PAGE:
Like a responsible ramen eater, I quickly slurped away the whole dish in 3 minutes so the noodles wouldn’t get overcooked in the hot broth. And with that, we ended our marvelous morning at Tsukiji Fishmarket Market.
Tokyo Imperial Palace and Imperial Garden
To fight off the 3000 calories from various breakfast items I consumed, we decided to walk from the Tsukiji Market to our next destination – Tokyo Imperial Palace and Imperial Garden which was about 30 minutes away in the Chiyoda Ward.
The Imperial Palace is a giant compound with castles and mansions enclosed in a park-like oasis surrounded by skyscrapers, like the Central Park in NYC.
The palace is closed to the public except certain special occasions. We took some really nice pictures from outside of the entrance. Additionally we were lucky to see a horse carriage along with its convoy entering the palace. Still wonder who that was for.
We then headed over to the East Garden of Imperial Palace which was open to the public. The garden is free to enter and it’s pretty big and it’d take a couple of hours if you want to visit every site. We looped around the garden and I had to say it was quite serene and scenic despite we were in the middle of central Tokyo.
Then, we were on our way to the oldest temple in Tokyo called the Sensoji (浅草寺) aka Asakusa Kannon Temple in the Asakusa area.
Sensoji is a popular tourist destination because several big festivals are held here throughout the year. The day we went didn’t happen to have any event but I could certainly feel the festivity just from the big crowds and all the small shops.
The entrance to the temple has this giant lantern with writings in kanji says “Thunder Gate”. Once passed the gate, you would enter the Nakamise-dori (仲見世通) which is a street filled with many little shops and leading to the main temple.
We spent a good 30 minutes checking out stores on our way. It was definitely very interesting and they sell everything from traditional Japanese clothing to traditional snacks to pet toys. You could easily spend half a day here if you wanted to check out every single stall. I had to drag Mrs. YR to keep moving along because she was drowned in this wonderland.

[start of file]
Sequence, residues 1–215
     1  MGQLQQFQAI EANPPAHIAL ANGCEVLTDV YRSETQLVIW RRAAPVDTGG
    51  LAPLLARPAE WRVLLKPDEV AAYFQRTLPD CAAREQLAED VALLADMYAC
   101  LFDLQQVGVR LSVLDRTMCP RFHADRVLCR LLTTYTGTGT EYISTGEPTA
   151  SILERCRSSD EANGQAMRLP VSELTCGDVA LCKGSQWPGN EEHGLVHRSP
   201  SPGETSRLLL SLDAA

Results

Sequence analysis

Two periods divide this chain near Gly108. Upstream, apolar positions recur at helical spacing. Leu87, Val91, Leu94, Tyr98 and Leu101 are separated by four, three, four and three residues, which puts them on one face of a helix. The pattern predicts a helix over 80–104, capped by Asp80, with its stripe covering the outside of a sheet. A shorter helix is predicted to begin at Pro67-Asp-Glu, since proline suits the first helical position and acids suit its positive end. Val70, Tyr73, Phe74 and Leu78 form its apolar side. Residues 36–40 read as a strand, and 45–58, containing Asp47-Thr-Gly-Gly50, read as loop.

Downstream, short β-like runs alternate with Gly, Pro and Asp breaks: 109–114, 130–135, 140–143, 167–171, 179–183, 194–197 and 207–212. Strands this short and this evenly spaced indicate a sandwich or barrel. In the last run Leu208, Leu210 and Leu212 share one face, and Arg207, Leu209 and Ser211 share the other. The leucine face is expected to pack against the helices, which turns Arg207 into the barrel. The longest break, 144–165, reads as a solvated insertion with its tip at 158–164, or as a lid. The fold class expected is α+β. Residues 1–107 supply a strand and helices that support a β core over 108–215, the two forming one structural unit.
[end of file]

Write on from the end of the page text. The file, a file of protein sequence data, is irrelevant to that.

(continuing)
After passing one more gate, we finally made it to the main hall which was this giant temple and a lot of visitors coming in and out. One thing you should try at least once while visiting a temple in Japan is getting fortune telling. You need to make a small donation (around 100-200 JPY in general) and then shake the metal can that contains fortunes. A stick with a number will come out. Just find the drawer with the matching number and find your fortune within.
On our way out, we spotted this dessert shop specializing matcha (green tea) products. Being a matcha snob, Mrs. YR had been looking for a matcha soft serve since we got up that morning so we had to get a matcha soft ice cream with extra matcha as well as some matcha covered mochi (rice cake). Both were very good and definitely hit the spot!
About the Weather in Tokyo
The weather was less than ideal for the duration of our trip in Japan.
Before we headed out, we were warned of the heat and humidity in Japan during summer. Although I grew up in a hot and humid city in China, I was still thrown off by how bad it was in Tokyo. The humidity was consistently over 95% every day while we were there.
On top of that, July was also the rainy season in Japan so we were touring in the rain 2/3 of the time during our stay in Tokyo.
So the lesson learned was that if you couldn’t handle heat and humidity or didn’t like traveling in rains, then you should avoid coming to Tokyo in June and July. Better yet, just cross off the summer season because I hear spring and fall are generally better time to travel to Tokyo.
I would recommend avoid going to Japan in July for everyone.